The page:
In a type A table, the inputcoefficients, the aij*, measure the number of units of input i needed to produce one unit of gross output of national industry j. These coefficients encompass intermediate inputs originating not just from within Finland but also from other countries. The aij* are true national technical coefficients because they reflect the underlying technology and are not affected by the pattern of trade. It is not possible to derive estimates of the aij* from Table 1 because foreign imports are not disaggregated by sector.

In addition totables of types A andB, members of the European Union (EU) also produce symmetric national tables that are a variant of type A; these are referred to here as type E tables (the E stands for Eurostat, the statistical office in the EU). This is the tabular format discussed in Kronenberg (2009). The German tables he discusses, which he refers to as ESA 95 tables, are compiled in accordance with the rules of the European System of Accounts (ESA). ESA 95 is the standard for all EU countries. However, since the ESA 95 rules also apply to the other types of table, the tables Kronenberg (2009) discusses will be referred to here as type E tables rather than as ESA 95 tables. Type E tables can easily be derived from those of type A; all that is required is to transpose the column vector of total imports by commodity to produce a row vector of total imports (from other regions and fromabroad) by industry. Furthermore, by summing output and imports, one can estimate total supply by industry and hence compute supply multipliers. These should not be confused with the type I output multipliers that are associated with type B tables.

Location quotients

Location quotients (LQs) are a popular way of regionalizing national inputoutput tables, especially in the initial stages. For this purpose, the following alternative LQs are often used:

SLQi (1)

CILQij (2)

where SLQi is the simple LQ, CILQij is the cross-industry LQ,REiis regional employment (or output) in supplying sector i and NEiis the corresponding national figure. REj and NEj are defined analogously for purchasing sector j. TRE and TNE are the respective regional and national totals.

So long as no aggregation of national sectors is required, the following simple formula can be used to convert national into regional input coefficients:

rij= βij × aij(3)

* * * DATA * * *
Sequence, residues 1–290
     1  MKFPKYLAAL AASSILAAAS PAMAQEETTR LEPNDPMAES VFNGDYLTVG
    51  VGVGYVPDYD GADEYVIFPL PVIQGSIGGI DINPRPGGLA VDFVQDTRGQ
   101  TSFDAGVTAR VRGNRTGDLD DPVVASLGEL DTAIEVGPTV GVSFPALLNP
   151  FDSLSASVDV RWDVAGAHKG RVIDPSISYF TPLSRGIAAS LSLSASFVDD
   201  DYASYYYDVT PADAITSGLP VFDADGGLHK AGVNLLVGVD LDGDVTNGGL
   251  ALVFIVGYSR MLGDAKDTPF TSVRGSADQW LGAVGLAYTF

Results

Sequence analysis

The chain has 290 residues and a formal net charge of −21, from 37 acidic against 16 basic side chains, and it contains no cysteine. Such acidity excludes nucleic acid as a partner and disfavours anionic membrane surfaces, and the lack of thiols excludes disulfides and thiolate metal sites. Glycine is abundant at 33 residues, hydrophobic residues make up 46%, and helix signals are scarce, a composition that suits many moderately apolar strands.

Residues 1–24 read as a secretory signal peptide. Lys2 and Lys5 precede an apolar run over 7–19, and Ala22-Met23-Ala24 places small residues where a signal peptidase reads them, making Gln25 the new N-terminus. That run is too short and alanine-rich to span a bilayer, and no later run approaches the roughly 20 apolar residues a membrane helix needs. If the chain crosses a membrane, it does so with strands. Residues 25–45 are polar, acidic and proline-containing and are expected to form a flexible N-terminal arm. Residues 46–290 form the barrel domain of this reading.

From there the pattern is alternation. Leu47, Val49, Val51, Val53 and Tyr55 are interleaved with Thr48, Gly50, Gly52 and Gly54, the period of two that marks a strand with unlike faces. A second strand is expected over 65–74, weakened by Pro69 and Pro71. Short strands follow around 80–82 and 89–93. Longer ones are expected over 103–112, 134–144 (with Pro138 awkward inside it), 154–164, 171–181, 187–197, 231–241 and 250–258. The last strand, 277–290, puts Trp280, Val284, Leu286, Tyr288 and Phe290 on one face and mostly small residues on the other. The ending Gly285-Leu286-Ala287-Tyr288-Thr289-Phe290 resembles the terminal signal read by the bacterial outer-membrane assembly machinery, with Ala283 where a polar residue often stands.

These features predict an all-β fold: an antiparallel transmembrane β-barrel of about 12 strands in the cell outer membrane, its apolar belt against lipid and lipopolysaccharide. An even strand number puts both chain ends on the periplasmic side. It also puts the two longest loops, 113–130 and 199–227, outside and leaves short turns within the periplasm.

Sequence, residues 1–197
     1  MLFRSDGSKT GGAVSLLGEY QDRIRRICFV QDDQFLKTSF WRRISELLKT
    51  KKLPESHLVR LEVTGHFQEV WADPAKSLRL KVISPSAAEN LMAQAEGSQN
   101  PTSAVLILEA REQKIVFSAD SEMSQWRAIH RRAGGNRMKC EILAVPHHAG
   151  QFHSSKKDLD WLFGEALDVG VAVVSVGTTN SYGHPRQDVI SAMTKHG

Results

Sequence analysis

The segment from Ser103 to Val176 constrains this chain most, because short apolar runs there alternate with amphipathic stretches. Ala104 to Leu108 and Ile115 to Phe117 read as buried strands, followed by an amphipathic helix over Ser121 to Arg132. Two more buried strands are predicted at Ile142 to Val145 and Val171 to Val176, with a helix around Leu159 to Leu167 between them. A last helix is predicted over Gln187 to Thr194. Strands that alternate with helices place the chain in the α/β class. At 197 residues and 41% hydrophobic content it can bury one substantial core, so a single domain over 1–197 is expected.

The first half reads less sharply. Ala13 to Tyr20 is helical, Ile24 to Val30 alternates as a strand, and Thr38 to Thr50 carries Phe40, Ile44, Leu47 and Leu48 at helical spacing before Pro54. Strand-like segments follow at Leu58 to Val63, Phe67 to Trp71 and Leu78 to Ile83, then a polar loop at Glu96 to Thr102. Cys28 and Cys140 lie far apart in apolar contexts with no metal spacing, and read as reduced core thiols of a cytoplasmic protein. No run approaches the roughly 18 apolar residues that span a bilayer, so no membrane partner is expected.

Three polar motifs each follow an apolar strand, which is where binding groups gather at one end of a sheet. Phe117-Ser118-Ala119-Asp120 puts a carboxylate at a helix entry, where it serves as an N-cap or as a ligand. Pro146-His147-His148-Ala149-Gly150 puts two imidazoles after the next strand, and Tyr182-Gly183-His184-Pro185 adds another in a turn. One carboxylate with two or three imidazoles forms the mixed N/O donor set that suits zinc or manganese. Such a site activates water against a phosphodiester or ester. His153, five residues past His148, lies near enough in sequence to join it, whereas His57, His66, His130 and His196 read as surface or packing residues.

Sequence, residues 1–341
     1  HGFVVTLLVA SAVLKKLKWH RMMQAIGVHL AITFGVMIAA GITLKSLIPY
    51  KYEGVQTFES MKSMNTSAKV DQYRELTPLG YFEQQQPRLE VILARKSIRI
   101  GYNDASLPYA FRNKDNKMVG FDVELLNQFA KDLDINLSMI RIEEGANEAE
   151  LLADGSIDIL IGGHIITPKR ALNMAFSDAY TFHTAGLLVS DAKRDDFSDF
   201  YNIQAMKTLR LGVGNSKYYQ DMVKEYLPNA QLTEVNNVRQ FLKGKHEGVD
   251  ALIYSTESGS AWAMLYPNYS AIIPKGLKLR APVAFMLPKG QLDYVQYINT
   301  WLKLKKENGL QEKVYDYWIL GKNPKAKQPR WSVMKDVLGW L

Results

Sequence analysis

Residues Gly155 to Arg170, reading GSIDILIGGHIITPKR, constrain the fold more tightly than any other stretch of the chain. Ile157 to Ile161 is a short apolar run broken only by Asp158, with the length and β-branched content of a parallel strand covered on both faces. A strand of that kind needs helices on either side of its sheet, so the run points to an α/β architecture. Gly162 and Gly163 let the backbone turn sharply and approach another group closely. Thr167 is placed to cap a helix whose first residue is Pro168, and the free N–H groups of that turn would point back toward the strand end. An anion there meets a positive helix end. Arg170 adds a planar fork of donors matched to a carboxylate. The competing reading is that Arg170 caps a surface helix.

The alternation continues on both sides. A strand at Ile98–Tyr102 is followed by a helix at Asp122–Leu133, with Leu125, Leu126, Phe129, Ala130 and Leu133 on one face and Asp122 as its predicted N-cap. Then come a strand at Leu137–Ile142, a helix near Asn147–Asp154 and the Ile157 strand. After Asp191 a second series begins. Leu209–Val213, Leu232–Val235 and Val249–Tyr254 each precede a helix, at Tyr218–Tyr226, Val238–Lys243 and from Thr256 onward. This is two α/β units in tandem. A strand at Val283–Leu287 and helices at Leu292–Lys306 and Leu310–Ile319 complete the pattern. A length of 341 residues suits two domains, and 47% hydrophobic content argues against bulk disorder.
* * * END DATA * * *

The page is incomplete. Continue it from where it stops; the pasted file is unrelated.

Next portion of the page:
where rij is the regional input coefficient, βij is anadjustment coefficient and aij is the national input coefficient, derived from a type B table. rij measures the amount of regional input i needed to produce one unit of regional gross output j; it thus excludes any supplies of i ‘imported’ from other regions or obtained from abroad. aij likewise excludes any supplies of i obtained from abroad. The role of βijis to take account of a region’spurchases of input ifrom other regions.

If we replaceβijin equation 3withSLQi or CILQij, we can obtain estimates of the rij. Thus, for instance:

= SLQi × aij(4)

Note:No adjustment is made to the national coefficient where SLQi ≥ 1 or CILQij ≥ 1. We now need to consider how these conventional LQs deal with cross-hauling. In fact, the SLQ rules out the possibility of cross-hauling a priori. It presupposes that a region will import from other regions, yet not export to them, if SLQi < 1 but do the opposite if SLQi ≥ 1. The CILQ does not preclude cross-hauling, as some cells in a given row of the adjustment matrix can have CILQij < 1, while others can have CILQij ≥ 1. Hence imports and exports of commodity i can occur simultaneously.3 The problem is that the CILQ does not make adequate allowance for cross-hauling, so that it still tends to underestimate imports from other regions and hence to overstate regional multipliers.

Flegg et al. (1995) attempted to overcome thisunderestimation of interregional tradevia their FLQ formula. In its refined form (Flegg and Webber, 1997), the FLQ is defined as:

FLQij ≡ CILQij × λ* for i ≠ j(5)

FLQij ≡ SLQi × λ* for i = j(6)


λ* = [log2(1 + TRE/TNE)]δ(7)

0 ≤ δ < 1; as δ increases, so too does the allowance for interregional imports. δ = 0 represents a special case where FLQij = CILQij. As with other LQ-based formulae, the FLQ is constrained to unity.

By taking explicit account of the relative size of a region, the FLQ should help to address the problem of cross-hauling, which is more likely to be prevalent in smaller regions than in larger ones. Smaller regions are apt to be more open to interregional trade.

Use of Location Quotients

Kronenberg (2009, p. 48) argues that “LQ methods should not be applied to ESA 95 tables”. We presume that he is referring here to tables of types A and E; if so, we are in full agreement. Nevertheless, his rationale is worth examining. Kronenberg cites the use of an equation like 4, where SLQi is employed to scale the aij rather than the aij*. The SLQ would not, therefore, capture any differences between regional and national trading patterns with respect to foreign imports. This criticism echoes one by Hewings and Jensen (1986), who are quoted by Kronenberg (2009, p. 47) thus: “The only manner in which the logic of the CB and quotient techniques can be validated is to apply the techniques to the [national technical coefficients], and this would require further adjustment of the national input-output table” (p. 310). Note: CB denotes Commodity Balance, a concept to be discussed later.

Our understanding of Hewings and Jensen’s argument is that, ifLQsare used, they should be applied to national input coefficients that incorporate inputs from abroad, i.e. to the aij*rather than to the aij. Indeed, in the well-known GRIT (Generation of Regional InputOutput Tables) procedure, Phase I involves adding foreign inputs to domestic inputs to produce an estimated national technical coefficients matrix. This phase is followed by a second one, in which LQs are employed to adjust for regional imports (West, 1990, pp. 107108). Hewings and Jensen’s argument appears to suggest, therefore, that LQ methods should be applied to tables with indirectly allocated imports (types A and E), whereas Kronenberg contends that they should not. Let us now explore this argument.